On October 6, 2016, the Third Circuit affirmed that the New York Giants do not have to pay for federal court attorneys’ fees incurred by a memorabilia dealer. The dealer, Eric Inselberg, had argued that the Giants should pay the fees incurred while he attempted to remand his lawsuit back to New Jersey state court because the team’s approach to his claims was “objectively unreasonable.”
Originally, the Giants had removed the civil case to federal court, but in November 2014, U.S. District Judge William Martini kicked it back to state court upon overruling a magistrate judge’s findings that the suit contained patent claims preempted by federal law. However, Judge Martini declined to award Inselberg his attorneys’ fees in getting the case remanded.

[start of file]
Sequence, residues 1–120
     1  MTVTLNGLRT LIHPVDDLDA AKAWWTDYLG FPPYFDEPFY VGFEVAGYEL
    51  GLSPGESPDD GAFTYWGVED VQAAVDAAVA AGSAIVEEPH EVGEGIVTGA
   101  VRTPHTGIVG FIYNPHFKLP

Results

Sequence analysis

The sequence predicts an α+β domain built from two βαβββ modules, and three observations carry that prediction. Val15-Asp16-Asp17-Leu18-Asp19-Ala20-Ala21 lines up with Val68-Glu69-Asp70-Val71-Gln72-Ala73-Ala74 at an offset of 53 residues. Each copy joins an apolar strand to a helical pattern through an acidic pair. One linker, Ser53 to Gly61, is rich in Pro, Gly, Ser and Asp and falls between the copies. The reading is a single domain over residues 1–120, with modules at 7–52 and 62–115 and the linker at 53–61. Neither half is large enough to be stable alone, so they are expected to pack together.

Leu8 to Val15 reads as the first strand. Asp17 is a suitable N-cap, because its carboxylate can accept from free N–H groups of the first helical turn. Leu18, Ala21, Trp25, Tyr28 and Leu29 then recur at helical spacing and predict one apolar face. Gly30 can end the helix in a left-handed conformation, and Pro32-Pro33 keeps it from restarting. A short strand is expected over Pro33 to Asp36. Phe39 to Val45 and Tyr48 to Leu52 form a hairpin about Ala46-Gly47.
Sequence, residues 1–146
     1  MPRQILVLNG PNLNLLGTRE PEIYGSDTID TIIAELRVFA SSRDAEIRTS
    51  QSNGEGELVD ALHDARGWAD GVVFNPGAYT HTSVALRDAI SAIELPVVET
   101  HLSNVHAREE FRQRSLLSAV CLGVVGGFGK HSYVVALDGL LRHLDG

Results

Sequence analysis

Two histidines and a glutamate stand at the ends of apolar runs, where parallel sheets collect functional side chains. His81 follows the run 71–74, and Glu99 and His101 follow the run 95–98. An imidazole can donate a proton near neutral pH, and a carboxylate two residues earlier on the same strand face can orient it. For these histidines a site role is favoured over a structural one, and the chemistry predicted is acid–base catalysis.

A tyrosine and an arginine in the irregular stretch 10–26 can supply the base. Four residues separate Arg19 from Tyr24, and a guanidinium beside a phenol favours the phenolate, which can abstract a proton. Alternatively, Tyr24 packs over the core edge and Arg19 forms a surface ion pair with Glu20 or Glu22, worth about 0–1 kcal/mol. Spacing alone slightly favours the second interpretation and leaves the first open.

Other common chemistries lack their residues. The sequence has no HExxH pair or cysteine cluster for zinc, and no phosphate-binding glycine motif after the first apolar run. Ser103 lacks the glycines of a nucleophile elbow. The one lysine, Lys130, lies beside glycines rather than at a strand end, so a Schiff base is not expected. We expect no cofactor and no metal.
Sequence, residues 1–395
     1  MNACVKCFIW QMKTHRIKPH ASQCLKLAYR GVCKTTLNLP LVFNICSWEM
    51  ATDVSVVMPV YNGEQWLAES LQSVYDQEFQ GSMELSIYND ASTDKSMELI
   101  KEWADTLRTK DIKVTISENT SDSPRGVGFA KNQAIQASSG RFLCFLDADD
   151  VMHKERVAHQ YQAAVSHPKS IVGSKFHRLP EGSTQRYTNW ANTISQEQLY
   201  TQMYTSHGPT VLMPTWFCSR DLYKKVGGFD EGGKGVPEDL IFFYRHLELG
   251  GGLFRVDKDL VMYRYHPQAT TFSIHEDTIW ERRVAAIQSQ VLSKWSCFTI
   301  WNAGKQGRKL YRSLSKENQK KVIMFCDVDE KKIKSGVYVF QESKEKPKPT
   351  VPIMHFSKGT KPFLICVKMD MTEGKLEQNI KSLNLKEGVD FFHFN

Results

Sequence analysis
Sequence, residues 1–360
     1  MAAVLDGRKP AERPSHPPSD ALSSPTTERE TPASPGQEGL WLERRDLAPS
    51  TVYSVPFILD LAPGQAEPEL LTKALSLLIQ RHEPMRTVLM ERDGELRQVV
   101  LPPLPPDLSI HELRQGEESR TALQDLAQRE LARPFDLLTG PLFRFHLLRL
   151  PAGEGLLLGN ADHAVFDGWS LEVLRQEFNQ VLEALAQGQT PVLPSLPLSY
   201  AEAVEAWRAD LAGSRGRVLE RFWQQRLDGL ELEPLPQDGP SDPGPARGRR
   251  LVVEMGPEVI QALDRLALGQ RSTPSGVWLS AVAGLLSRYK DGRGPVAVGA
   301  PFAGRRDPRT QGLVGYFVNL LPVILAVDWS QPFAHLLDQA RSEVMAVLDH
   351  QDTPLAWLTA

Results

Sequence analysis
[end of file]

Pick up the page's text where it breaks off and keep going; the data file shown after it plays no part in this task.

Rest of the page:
In affirming Judge Martini’s ruling, judges Theodore McKee, Thomas Ambro, and Anthony Scirica explained that “[r]easonable minds can differ as to whether federal jurisdiction was proper in this case, as evidenced by the fact that the Magistrate Judge and the District Court came to different conclusions. Under these circumstances, we cannot say that the District Court abused its discretion when it determined the Giants had an objectively reasonable basis to seek removal.”